For NHL fans, there hasn’t been a whole lot [check that: anything] to cheer about of late. First, game after game (327 to be exact) was lost to the second NHL labor stoppage in eight years. Then, the league went as far as cancelling the Winter Classic, a sacred event on hockey fans’ calendars, pitting two classic franchises against one another in a game played outdoors.
Now, though, the two sides are expected to meet again and attempt to resurrect a hockey season before it’s too late.
According to an AP report, the NHL and its players’ association will convene Saturday for the first time in two weeks.
The last time they met, on Oct. 18, the conversations were less than cordial. After the league offered the union a 50-50 split of hockey-related revenue ($3 billion, last season, which the players received 57 percent of during the now-expired CBA), the players countered with three separate proposals, which were all dismissed by the owners.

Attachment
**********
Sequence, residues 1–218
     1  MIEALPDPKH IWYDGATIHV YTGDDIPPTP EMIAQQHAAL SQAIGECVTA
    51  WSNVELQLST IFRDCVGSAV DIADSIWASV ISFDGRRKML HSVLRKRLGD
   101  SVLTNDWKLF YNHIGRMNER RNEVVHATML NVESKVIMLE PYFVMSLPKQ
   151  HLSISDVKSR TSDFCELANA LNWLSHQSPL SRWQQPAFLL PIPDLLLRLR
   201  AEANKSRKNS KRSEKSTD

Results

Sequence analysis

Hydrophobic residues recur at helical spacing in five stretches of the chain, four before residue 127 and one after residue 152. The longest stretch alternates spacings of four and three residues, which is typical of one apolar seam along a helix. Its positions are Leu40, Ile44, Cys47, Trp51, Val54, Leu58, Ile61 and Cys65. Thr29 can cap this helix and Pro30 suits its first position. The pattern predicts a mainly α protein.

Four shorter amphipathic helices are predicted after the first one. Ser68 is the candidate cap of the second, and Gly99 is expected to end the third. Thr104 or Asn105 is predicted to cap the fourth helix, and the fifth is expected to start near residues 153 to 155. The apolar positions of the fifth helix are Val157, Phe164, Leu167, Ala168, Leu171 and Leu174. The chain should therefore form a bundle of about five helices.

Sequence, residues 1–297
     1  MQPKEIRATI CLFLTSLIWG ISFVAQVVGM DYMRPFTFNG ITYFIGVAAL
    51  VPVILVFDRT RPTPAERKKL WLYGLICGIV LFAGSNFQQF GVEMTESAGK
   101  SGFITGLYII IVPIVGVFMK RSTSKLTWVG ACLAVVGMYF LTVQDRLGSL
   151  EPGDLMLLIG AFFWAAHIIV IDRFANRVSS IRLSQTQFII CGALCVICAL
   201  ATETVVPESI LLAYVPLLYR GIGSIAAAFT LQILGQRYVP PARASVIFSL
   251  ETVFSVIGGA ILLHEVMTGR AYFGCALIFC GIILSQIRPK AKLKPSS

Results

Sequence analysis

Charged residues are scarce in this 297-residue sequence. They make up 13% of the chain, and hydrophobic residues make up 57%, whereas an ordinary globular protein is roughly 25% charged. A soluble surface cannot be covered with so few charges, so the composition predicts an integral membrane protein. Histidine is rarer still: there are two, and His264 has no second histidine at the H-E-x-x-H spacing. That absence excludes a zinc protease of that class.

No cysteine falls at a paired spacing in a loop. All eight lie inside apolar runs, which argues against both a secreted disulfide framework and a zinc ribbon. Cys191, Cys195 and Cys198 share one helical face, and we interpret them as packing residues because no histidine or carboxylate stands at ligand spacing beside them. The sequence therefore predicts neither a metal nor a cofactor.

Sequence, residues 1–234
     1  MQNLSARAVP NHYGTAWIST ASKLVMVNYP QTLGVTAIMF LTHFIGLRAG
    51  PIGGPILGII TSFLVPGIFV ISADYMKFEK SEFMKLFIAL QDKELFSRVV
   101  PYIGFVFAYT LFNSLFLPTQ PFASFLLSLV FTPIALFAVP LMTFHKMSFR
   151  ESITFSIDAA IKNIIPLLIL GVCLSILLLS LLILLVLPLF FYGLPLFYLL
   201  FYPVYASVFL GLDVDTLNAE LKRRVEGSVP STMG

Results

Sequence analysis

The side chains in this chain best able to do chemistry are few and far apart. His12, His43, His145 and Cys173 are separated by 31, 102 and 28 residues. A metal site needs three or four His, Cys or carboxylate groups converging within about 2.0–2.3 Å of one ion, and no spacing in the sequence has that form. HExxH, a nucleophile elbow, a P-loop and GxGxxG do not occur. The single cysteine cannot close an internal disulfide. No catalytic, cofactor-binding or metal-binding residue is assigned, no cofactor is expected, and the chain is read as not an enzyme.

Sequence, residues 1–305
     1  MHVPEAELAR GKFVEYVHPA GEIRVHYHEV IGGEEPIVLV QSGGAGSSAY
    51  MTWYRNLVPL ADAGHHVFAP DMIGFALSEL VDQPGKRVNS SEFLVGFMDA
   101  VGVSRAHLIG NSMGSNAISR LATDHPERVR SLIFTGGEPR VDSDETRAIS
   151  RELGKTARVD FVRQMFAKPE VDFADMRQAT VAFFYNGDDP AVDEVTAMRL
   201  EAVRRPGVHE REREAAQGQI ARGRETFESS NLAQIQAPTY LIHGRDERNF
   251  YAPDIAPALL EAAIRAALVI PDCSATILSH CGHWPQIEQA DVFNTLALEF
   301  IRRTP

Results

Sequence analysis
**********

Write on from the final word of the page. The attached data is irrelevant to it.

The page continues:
The NHL proposal has now been pulled off the table because it was contingent on a full season, which is not possible anymore. Making matters even worse, the players refused to bargain last week if it meant the league’s offer would be used as a starting point. Instead, the players’ union wants no preconditions in its process.
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"Last week we had a proposal to save a full season on the table. That has since been withdrawn," NHL Deputy Commissioner Bill Daly told the AP. "That creates a different environment for talks."
Also on the table are current NHL player contracts. The union, not so surprisingly, wants these to be paid in full without affecting future contracts. NHL Commissioner Gary Bettman said the league would discuss the union’s point, but only if economic portions of the league’s offer are first accepted by the players’.
While the two sides clearly remain far apart, with hockey fans left suffering and wallowing, once again, Bill Daly is hoping, in the media at least, that the worst has passed.
"I don't foresee any further cancellation announcements in the near term," he wrote to the AP.